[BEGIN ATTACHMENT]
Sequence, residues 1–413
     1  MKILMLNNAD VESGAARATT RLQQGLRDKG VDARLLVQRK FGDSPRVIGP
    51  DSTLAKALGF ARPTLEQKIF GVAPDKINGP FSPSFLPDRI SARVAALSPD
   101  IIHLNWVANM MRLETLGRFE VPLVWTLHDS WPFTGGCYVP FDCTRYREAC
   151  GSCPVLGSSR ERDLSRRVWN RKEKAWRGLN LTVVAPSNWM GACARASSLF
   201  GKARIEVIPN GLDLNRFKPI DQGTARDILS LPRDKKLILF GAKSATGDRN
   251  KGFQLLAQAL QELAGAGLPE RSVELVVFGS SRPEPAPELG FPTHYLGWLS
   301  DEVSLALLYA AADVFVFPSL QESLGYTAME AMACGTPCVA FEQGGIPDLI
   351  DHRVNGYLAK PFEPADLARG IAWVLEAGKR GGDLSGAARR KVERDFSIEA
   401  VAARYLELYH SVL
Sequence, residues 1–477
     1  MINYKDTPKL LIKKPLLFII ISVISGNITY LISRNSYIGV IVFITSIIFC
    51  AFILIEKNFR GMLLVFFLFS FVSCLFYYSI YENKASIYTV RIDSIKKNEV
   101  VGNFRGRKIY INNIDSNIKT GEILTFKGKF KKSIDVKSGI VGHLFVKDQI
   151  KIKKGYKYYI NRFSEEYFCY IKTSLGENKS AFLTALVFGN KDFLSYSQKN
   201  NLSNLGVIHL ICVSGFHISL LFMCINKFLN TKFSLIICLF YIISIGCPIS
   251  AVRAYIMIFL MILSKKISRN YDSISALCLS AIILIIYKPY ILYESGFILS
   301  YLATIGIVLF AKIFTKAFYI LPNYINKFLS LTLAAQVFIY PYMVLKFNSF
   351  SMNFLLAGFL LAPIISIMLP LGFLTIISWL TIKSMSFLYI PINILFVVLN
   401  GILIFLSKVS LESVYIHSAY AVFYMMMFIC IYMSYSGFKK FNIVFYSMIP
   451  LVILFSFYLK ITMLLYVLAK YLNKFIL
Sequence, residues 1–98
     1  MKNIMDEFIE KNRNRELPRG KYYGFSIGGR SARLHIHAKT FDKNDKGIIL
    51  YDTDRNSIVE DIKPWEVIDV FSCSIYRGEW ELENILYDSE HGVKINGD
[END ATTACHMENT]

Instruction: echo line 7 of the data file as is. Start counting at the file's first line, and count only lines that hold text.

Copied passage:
   251  KGFQLLAQAL QELAGAGLPE RSVELVVFGS SRPEPAPELG FPTHYLGWLS